Sequel Satan’s Slaves: Communion (2022) Serves Up Seriously Sinister Energy
Title: Satan’s Slaves: Communion
First Non-Festival Release: August 4, 2022 (Theatrical Release)
Director: Joko Anwar
Writer: Joko Anwar
Runtime: 119 Minutes
Starring: Tara Basro, Endy Arfian, Nasar Annuz
Where to Watch: Check out where to find it here
Rebuilding their tumultuous lives after their youngest brother was kidnapped by the death cult their late mother joined, a family attempts to regain some sense of normalcy at home in a cramped apartment complex. Even three years later, they still feel the effects of that terrible night in the woods. Nevertheless Rini (Tara Basro) plans on returning to university, Toni (Endy Arfian) finds himself fawning over a new neighbor, and Bondi (Nasar Annuz) befriends several kids in the building. All seems well until the power goes out during a powerful storm and their personal demons finally catch up to them.
A positively unnerving and terrifying sequel, Satan’s Slaves: Communion is smart and action-packed continuation of a creepy story.
Picking up several years after the events of the first film, Satan’s Slaves: Communion manages to make several key changes to the Indonesian folk horror formula to shake up expectations. Changing the setting from a remote family house in the forest to a struggling apartment complex on the outskirts of town maintains the same element of isolation while adding additional players into the story. Suddenly, the grief-stricken family isn’t the only ones fighting for their lives against the demonic force. Instead, they accumulate allies who do their best to support them through the worst of it.
Giving the family several years to grieve and process from the events of the first film, this sequel addresses what it means to truly move on from trauma. Much of the conversations had between character surround their desire to move on whether that’s expressing attraction for potential partners, preparing for college, or processing their childhood trauma, there is an element of movement in their stories that give them more agency than what is typically found in horror sequels.
Joko Anwar has an incredible sense of tone and direction that makes this sequel a harrowing haunted house of horrors. From the ominous apartment building to the harrowing effects of the hurricane, this sequel is dripping in pure, fraught terror. Realizing how isolated the group is and how unwilling the people around them are to help makes their circumstances even more unsettling. These kids are on their own. The adults in the room are clueless or culpable, which makes the stakes even higher.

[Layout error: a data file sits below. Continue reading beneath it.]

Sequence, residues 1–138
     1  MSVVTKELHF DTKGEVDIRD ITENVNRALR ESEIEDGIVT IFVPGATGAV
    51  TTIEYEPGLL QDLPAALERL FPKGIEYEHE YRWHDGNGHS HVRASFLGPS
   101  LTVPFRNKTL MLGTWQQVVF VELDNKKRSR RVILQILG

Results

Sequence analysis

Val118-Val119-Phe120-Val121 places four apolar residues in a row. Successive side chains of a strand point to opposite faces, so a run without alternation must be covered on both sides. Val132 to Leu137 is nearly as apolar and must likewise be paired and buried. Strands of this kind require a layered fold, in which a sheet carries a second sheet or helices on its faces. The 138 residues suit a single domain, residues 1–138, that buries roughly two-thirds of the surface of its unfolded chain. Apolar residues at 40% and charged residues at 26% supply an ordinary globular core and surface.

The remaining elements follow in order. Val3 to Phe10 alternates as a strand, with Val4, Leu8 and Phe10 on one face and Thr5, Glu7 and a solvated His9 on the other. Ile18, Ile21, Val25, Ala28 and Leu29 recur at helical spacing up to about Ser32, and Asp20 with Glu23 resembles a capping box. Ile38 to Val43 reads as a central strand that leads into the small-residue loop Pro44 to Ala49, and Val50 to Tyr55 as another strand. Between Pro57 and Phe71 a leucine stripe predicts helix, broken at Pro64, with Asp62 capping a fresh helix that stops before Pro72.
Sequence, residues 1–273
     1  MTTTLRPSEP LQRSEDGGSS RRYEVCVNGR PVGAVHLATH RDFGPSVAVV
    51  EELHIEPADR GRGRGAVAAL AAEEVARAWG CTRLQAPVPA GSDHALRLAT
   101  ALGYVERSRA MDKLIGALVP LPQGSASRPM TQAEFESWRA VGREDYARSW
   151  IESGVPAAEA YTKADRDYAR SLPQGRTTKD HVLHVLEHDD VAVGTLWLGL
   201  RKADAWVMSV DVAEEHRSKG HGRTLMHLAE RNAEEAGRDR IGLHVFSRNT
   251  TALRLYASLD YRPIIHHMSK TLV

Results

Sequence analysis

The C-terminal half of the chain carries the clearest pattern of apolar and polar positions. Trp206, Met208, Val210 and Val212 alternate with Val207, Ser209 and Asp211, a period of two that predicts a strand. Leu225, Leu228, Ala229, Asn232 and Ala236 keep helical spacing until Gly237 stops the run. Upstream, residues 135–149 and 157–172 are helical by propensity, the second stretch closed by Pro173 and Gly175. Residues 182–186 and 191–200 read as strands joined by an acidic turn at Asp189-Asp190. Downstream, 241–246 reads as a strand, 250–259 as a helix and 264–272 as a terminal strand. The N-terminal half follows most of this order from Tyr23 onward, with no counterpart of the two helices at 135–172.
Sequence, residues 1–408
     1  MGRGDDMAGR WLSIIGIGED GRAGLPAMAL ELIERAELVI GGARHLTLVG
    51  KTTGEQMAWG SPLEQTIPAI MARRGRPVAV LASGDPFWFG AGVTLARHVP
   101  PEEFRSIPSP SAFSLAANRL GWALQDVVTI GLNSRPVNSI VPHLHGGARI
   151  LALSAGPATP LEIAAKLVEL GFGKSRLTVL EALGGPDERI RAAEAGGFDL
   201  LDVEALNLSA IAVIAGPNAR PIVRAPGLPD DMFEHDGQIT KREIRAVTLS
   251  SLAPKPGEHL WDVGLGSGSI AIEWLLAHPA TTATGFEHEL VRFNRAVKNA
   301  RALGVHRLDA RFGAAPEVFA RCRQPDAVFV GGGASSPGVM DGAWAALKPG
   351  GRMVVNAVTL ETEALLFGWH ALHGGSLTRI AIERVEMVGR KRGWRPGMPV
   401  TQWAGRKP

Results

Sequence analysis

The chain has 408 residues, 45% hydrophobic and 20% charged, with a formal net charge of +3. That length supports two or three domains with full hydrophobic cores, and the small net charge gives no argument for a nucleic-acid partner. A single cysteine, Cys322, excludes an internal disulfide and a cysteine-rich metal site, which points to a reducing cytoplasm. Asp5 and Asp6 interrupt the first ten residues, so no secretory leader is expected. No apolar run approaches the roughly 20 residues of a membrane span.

Quite possibly touting the best executed gore sequences of the year, Satan’s Slaves: Communion shines in its execution of fear. Anwar has an amazing talent of coaxing the biggest fright out of viewers through tight cinematography and clever camerawork. The apartment complex comes alive in the best of ways through his vision. Otherwise ordinary fixtures emerge as terrifying purveyors of torture and fear, which shows just how well the setting is used to its advantage. It doesn’t hurt that the special effects team does amazing work between the various spirits and death sequences to make Satan’s Slaves: Communion as realistically scary as one can.
Truthfully, the only downside of this sequel is its pacing. Spread out over the course of two hours, it sometimes gets over bloated in terms of storytelling. Scares get drawn out before losing their steam, conversations get circuitous without learning anything new from the characters or story, and a few subplots take up more time than what might be necessary. In fact, one disappointing ending scene ties the two films together but fails to address why certain characters involvements have been contained to afterthoughts in the finales of both films without payoff. The indulgence is real in Satan’s Slaves: Communion but it doesn’t take away from the true terror that grips the audience by the time it finishes.
Indonesian horror is on fire right now, with Satan’s Slaves: Communion just another reminder of how consistently remarkable this country’s film scene is for supernatural horror. Filled to the brim with dread inducing imagery and frightening sequences, this sequel takes everything good about the original film and turns it up to eleven. Focusing more on scares than anything, Joko Anwar manages to push the story in an interesting direction without showing all his cards. Fans of the original should be enamored with this offering while all newcomers will surely be indoctrinated into following it much like its central cult follows the devil.
Overall Score? 8/10